Of these modifications, the subjectivist creed (iii*) is the most widely recognized one. Jevons claims that “every mind is .. inscrutable to every other mind, and no common denominator of feeling seems possible” (ibid., p. 15). However, the other, more subtle, modifications have significant consequences for the revision of utilitarianism, too. When Bentham’s divers causes and contingencies of utility are replaced by an undifferentiated, unobservable “feeling” (modification (ii*)), it is difficult, if not impossible, to explain how utility as a motivation for taking action relates to motivations like wants, needs, or desires. These constructs play a role in the behavioral and human sciences. Jevons’ modification creates obstacles for a dialogue with these sciences. His move also hampers the normative discourse within utilitarianism where the interpretation of utility in terms of desires and their fulfilment still figures prominently (see, e.g., Hare 1982).3

Modification (i*)—attributing utility to quantities of commodities rather than the action of consuming them—is conducive to the use of marginal calculus. Its consequence is, first, that by replacing actions by quantities of commodities the time dimension can be left out of the calculus. While actions like, e.g., consumption develop their consequences over time, quantities of commodities do not necessarily have an intrinsic time dimension – which makes a static marginal calculus feasible. Second, when utility is attributed to actions, (expected) utility hinges on the agents’ knowledge of means-ends relationships. By attributing utility directly to commodities these contingencies of instrumental knowledge and the uncertainty they involve need no longer be made explicit in the utility assessment.4 From the point of view of a normative theory, the major effect of replacing actions by commodity quantities is that the latter, unlike the former, have no moral connotations. Jevons’ substitution thus eliminates the common basis of the positive utilitarian theory of action and the normative utilitarian theory of the actions’ consequences. Subtle as the modification may appear, it may have contributed to an increasing alienation of the positive branch of modern utilitarianism from its origins in moral philosophy.

The development after Jevons focused on working out and refining the mathematical details of utility calculus. In the beginning twntieth century, writers like Edgeworth, Fisher, and Pareto wrestled with the problem of finding a representation of utility theory (or of what calculus had left over of it) in terms of a proper utility function. From the 1930s onwards, the transition from cardinal to ordinal notions of utility prepared the ground for further “progression in mathematical thought” (Samuelson 1947, p. 92). The problem was that the few empirical conjectures that the revised utility theory entails (decreasing marginal rates of substitution; the law of indifference implying a downward sloping demand curve) all hinge on the shape of the utility function. Yet, it was not clear what form of functions would be appropriate for expressing these conjectures in a consistent way, not to speak of whether well-behaved functional forms would conform to the empirical record of choice behavior.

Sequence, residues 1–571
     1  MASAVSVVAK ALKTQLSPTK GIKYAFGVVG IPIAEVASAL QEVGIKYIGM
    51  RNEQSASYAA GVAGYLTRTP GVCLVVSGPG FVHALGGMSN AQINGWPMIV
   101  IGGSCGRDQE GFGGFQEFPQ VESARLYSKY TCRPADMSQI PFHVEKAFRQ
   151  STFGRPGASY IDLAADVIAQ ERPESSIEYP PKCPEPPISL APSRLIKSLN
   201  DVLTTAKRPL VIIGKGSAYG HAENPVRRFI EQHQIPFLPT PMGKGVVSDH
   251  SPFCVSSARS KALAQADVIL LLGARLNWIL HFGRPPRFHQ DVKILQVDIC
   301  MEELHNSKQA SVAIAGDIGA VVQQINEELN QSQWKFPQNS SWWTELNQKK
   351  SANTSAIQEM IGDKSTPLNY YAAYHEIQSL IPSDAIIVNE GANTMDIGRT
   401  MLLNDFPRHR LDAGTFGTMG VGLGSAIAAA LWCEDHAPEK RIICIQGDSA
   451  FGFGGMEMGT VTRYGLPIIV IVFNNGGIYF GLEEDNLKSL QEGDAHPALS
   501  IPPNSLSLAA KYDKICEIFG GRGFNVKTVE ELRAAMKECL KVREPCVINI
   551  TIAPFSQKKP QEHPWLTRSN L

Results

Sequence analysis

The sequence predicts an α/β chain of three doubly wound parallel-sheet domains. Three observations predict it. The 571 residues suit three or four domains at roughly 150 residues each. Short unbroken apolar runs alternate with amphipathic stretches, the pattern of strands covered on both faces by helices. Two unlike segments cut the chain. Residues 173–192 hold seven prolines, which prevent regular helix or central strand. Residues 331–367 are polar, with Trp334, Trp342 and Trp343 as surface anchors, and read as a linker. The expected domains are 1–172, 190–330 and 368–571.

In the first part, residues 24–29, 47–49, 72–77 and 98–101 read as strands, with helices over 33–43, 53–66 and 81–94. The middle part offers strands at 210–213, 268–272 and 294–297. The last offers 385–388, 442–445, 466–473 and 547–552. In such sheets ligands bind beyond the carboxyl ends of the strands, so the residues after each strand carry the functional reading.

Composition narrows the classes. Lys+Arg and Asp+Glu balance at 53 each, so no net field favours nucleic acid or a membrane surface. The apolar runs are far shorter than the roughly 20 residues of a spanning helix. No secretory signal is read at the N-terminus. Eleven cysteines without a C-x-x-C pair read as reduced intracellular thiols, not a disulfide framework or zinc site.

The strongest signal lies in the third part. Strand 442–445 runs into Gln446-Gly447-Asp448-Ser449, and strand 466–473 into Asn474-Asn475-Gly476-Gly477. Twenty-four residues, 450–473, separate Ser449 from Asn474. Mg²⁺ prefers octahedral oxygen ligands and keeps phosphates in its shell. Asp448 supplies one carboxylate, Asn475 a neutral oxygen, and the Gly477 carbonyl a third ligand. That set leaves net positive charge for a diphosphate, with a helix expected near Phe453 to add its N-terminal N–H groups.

One approach to solving that problem, suggested by Hicks and Allen (1934), was to deduce implications of the theory that should be observable at the level of market demand curves, i.e. to derive, or rationalize, the law of demand. Utility theory is in this way transformed into a building bloc of price theory. A different approach, namely a logical reduction of utility theory to a theory of subjective preference orderings, was suggested by Samuelson (1938). In the positivist spirit of the time, the theory of revealed preferences, as he called it, was supposed to rely exclusively on operational terms—prices, quantities, and income—and a postulate of consistent choice behavior (the “weak axiom of revealed preference”). The theory should be logically equivalent to ordinal utility theory. It should therefore allow to deduce well-behaved demand functions without recourse to the utility concept.5 Moreover, by the preference revelation method that it implied, the theory should be able to empirically reconstruct the individual indifference curves on which ordinal utility theory relied.

Attractive as Samuelson’s theory appeared, it turned out to be neither as logically conclusive nor as powerful an empirical device as claimed. The consistency of choice behavior—whether in the weak or the strong versions of the axiom of revealed preference – is an empirical conjecture. However, the empirical validity of the hypothesis can only be proved by means of exactly the same observations that Samuelson’s procedure requires for reconstructing the individual preferences. Hence, whether or not the empirically revealed preferences are correctly derived hinges on whether or not one believes in the consistency of the individuals’ choice behavior. For this belief no independent evidence can be provided—a logical indeterminacy (cf. Georgescu-Roegen 1954a, Wong 1978, Chap. 4, 5). It made Sen (1973) wonder whether revealed preference theory represents more than an “elaborate pun”.6